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Author: matt

Physical Aimbot Mouse

Physical Aimbot Mouse

Kamal Carter built a servo-controlled robotic rig that moves a mouse exactly where targets are by scanning the screen for specific colors. It works well in the FPS trainer AimLab, but it’ll need more work to be accurate in a real game.

Wisdom from Robert Martin of Clean Code

Wisdom from Robert Martin of Clean Code

Some really wise quotes:

No matter how bad your legacy code is, never EVER create a project to ‘clean up the code’. It will never get completed, you’ll inevitably have to stop, and it will end up worse than you started. This has happened every time in my experience.

The only proven way to get out of bad code requires EVERYONE on the team to get on the same page of how code is supposed to be written. Make them take the Clean Code class/read the book and then use the boyscout approach. That approach is every checkin you check in the code a little better than you found it. That’s it. In time, those little refactors move the ship in the right direction, become dominant, and then surround and destroy the bad code.

Code that has not been touched for years likely doesn’t NEED to be touched. Sure, it may be messy, but if it works, there’s no point in spending time on something you aren’t going to improve functionally.

Code reviews are largely useless. People go in, listen for 5 minutes and then at the end everyone leaves saying, “I sure hope he knew how it all worked because I toned out.”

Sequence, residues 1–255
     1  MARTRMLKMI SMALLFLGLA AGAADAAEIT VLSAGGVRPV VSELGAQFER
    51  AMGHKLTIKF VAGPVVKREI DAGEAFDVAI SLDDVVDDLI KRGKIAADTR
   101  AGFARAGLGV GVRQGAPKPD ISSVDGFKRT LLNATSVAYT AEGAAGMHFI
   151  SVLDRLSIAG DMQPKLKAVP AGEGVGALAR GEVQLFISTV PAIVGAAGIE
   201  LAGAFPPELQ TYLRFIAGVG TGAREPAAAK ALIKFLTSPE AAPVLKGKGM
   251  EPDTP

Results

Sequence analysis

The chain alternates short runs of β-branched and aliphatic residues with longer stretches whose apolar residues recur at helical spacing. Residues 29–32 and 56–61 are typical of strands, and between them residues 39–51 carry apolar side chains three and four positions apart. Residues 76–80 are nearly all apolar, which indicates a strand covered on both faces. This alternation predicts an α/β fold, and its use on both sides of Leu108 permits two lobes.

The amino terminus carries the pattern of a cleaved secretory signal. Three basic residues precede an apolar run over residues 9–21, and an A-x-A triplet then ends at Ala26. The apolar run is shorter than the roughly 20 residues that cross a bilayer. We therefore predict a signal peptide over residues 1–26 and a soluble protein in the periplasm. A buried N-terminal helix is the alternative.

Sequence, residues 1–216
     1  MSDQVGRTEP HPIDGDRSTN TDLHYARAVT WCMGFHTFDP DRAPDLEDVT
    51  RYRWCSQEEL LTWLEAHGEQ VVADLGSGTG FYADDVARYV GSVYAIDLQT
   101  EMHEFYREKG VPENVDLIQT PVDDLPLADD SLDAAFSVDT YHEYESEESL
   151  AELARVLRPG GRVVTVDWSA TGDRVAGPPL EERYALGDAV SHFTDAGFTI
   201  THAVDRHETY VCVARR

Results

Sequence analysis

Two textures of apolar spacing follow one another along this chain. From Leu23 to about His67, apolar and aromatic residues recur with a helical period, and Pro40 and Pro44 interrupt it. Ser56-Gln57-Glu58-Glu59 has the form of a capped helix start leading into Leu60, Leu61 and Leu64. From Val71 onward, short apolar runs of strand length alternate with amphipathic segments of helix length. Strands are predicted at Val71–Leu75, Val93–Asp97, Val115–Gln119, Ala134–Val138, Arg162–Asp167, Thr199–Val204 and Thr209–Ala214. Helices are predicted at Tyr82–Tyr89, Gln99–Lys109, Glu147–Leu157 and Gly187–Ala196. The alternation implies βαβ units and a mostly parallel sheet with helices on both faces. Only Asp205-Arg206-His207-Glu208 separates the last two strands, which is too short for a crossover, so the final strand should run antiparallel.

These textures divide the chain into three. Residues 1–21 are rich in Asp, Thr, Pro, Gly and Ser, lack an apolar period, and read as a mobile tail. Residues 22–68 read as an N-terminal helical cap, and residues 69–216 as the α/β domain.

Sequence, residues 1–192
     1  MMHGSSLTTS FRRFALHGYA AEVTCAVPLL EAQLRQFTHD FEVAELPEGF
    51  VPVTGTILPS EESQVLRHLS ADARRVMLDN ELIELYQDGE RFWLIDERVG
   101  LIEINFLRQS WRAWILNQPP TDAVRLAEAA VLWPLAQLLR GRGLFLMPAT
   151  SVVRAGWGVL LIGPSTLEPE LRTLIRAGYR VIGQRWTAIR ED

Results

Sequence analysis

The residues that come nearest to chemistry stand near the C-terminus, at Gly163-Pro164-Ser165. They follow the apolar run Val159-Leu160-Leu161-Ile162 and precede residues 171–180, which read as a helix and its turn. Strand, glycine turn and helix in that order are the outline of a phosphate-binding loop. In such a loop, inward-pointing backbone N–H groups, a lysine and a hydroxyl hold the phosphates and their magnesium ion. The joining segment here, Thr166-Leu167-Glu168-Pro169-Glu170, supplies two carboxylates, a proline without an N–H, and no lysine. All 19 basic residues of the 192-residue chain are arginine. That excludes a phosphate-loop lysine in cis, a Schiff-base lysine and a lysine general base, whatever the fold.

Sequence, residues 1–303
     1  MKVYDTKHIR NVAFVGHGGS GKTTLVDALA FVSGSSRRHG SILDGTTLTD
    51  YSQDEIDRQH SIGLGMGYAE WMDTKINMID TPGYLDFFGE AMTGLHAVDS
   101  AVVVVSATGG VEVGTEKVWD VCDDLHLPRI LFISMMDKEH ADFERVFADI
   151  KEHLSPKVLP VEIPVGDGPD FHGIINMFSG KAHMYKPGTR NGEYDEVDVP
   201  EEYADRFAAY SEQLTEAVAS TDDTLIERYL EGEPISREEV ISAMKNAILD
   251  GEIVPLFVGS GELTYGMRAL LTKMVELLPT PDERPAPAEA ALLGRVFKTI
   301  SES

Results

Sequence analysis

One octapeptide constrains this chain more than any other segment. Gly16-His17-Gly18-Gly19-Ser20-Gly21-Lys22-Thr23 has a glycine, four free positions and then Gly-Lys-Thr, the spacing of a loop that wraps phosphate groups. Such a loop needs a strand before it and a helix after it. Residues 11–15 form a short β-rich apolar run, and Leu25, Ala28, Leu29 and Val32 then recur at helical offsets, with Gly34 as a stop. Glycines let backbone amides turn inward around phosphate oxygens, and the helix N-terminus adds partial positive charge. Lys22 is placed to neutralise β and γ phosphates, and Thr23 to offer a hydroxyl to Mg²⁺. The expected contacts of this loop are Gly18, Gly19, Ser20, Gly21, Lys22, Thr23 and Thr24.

TODO comments are fine, but should be completed before submission and never checked in. After they are checked in, they become TODON’T comments because they never get completed.

If people get into an argument about syntax/details and it lasts more than 5 minutes, then neither person has solid evidence for why it should be their way. Just flip and coin and move on.

Anti-procrastination cafe

Anti-procrastination cafe

At Japan’s anti-procrastination “Manuscript Writing Cafe”, there is no leaving until your work is done.

The cafe is for writers of all kinds who are facing imminent deadlines. Customers first write down their work goals and an expected length of time it will take to achieve them. Next, they choose between three levels of intensity of progress checks from ‘mild’ to ‘difficult.’ Only after achieving said goals can writers check out. According to the cafe’s owner, Takuya Kawai, every customer has achieved their goals, even if they’ve had to stay past closing time. The cafe also offers unlimited coffee, tea bags, high-speed Wi-Fi and charging ports to maximize work efficiency.

Here’s the address if you want to go. It turns out that I walked a block away from here a few years back, but it didn’t exist as this kind of cafe yet.

原稿執筆カフェ 3 Chome-34-1 Koenjikita, Suginami City, Tokyo 166-0002, Japan

I-Bonds are the rage

I-Bonds are the rage

“The two most powerful forces in the universe are gravity and compound interest”